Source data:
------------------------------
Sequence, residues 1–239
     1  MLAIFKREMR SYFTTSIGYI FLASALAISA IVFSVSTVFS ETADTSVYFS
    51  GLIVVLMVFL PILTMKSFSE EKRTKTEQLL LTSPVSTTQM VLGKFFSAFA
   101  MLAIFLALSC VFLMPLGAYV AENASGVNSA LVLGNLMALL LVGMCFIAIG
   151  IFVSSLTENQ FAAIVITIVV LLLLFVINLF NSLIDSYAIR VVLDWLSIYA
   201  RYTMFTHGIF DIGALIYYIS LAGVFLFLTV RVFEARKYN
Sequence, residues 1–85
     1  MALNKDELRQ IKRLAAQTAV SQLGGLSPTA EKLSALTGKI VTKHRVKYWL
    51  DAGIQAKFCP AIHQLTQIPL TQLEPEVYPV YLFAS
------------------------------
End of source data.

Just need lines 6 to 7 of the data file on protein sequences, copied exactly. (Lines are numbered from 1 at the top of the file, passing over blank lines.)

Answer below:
   201  RYTMFTHGIF DIGALIYYIS LAGVFLFLTV RVFEARKYN
Sequence, residues 1–85